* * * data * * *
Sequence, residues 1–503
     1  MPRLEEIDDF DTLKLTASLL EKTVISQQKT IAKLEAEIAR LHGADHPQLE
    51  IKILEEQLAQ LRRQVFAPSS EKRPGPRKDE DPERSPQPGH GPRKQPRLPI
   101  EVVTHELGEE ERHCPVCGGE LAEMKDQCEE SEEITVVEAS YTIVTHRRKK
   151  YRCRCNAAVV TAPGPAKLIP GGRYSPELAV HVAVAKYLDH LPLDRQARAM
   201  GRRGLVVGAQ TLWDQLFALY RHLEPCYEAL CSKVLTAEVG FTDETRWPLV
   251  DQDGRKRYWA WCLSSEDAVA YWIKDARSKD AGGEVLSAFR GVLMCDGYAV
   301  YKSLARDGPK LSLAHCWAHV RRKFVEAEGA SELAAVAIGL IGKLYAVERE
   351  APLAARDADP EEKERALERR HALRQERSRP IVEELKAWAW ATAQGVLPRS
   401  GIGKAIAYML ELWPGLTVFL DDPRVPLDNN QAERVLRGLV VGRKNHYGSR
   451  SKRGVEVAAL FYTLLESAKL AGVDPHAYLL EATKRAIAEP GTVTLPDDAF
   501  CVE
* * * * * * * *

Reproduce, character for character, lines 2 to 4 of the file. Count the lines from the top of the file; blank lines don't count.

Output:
     1  MPRLEEIDDF DTLKLTASLL EKTVISQQKT IAKLEAEIAR LHGADHPQLE
    51  IKILEEQLAQ LRRQVFAPSS EKRPGPRKDE DPERSPQPGH GPRKQPRLPI
   101  EVVTHELGEE ERHCPVCGGE LAEMKDQCEE SEEITVVEAS YTIVTHRRKK